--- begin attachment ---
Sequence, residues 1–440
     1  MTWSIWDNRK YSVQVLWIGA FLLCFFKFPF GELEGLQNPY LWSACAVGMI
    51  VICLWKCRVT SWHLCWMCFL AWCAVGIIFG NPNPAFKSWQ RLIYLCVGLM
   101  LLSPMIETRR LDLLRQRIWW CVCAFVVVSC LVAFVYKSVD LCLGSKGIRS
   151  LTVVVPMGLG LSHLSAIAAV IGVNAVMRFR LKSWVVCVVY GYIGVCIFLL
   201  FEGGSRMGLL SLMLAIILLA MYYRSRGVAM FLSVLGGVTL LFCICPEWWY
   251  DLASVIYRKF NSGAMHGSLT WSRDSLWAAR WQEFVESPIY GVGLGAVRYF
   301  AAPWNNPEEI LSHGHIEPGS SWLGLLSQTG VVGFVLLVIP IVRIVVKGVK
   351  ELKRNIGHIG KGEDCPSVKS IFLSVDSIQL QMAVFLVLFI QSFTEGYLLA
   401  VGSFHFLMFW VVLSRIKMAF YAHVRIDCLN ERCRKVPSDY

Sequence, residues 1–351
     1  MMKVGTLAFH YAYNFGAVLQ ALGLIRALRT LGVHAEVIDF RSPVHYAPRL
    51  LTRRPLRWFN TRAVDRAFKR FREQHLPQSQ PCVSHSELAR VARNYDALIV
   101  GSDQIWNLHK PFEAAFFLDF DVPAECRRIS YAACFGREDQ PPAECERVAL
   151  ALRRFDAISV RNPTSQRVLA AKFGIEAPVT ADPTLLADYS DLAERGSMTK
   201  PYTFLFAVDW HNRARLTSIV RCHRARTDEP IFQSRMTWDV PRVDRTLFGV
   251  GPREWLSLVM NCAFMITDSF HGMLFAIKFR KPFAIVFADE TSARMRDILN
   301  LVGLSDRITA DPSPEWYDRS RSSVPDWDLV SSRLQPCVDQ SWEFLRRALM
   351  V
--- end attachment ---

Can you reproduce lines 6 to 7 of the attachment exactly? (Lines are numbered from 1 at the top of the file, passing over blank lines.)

   201  FEGGSRMGLL SLMLAIILLA MYYRSRGVAM FLSVLGGVTL LFCICPEWWY
   251  DLASVIYRKF NSGAMHGSLT WSRDSLWAAR WQEFVESPIY GVGLGAVRYF